Blacklegged (Deer) Ticks

Ixodes scapularis
blacklegged female on skin no text.jpg

A notorious biting arachnid, the blacklegged tick is named for its dark legs, which are in contrast to its pale body. Blacklegged ticks are sometimes called deer ticks, as they frequently feed on deer. However, deer ticks have also been known to bite humans.

Pest Stats

Color

Orange-brown with dark legs

Legs

8

Shape

Flat; broad oval

Size

1/8 "

Antennae

No

Region

Found primarily in the northeastern, mid-Atlantic, southeastern and north central regions of the U.S.

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Habits

During the winter, adult ticks feed primarily on the blood of white-tailed deer, which is why they are sometimes called deer ticks. In the spring, a female tick will drop off its host and will deposit about 3,000 eggs. Nymphs, or baby ticks, feed on mice, squirrels, raccoons, skunks, dogs, humans and birds.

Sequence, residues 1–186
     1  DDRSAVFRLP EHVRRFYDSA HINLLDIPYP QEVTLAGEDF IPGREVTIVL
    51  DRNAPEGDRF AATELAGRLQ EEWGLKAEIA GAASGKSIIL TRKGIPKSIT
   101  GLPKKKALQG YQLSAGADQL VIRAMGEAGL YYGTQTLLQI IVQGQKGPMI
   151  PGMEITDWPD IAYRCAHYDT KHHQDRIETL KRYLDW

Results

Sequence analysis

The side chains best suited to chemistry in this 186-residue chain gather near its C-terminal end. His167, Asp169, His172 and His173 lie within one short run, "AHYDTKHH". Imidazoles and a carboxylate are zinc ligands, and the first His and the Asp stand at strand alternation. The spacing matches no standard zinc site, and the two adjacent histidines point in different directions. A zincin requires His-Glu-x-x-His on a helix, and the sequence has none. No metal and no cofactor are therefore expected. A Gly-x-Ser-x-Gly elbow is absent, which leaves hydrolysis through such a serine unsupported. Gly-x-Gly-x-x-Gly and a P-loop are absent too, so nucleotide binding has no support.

Habitat

Blacklegged ticks prefer to hide in grass and shrubs while waiting for a passing host.

Threats

Blacklegged deer ticks are a vector of anaplasmosis, babeosis and Lyme disease. Lyme disease is a primary concern in the United States. Symptoms of Lyme disease include fever, headache, fatigue and a characteristic bull’s eye-shaped skin rash. Lyme disease can also affect joints, the heart and the nervous system if left untreated.